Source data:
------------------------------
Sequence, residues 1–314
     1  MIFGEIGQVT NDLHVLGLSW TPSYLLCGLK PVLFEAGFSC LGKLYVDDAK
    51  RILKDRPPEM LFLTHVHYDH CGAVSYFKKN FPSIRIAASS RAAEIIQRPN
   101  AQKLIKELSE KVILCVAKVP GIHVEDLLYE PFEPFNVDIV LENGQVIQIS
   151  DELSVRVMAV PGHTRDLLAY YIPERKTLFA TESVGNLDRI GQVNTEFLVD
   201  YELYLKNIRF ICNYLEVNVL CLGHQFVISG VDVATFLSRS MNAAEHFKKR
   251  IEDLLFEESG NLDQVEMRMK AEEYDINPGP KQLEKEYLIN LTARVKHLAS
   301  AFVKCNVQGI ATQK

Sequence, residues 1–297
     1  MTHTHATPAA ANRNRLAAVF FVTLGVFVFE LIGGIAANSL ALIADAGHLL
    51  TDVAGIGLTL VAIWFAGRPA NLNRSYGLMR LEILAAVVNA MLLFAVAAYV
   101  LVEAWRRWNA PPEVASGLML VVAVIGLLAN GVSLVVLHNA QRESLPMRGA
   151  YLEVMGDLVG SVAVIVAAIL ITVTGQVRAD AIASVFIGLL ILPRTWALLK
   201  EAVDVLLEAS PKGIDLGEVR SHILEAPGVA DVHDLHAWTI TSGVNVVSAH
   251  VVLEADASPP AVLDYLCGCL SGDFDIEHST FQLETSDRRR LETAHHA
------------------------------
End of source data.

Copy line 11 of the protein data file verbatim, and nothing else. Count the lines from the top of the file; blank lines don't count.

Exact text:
    51  TDVAGIGLTL VAIWFAGRPA NLNRSYGLMR LEILAAVVNA MLLFAVAAYV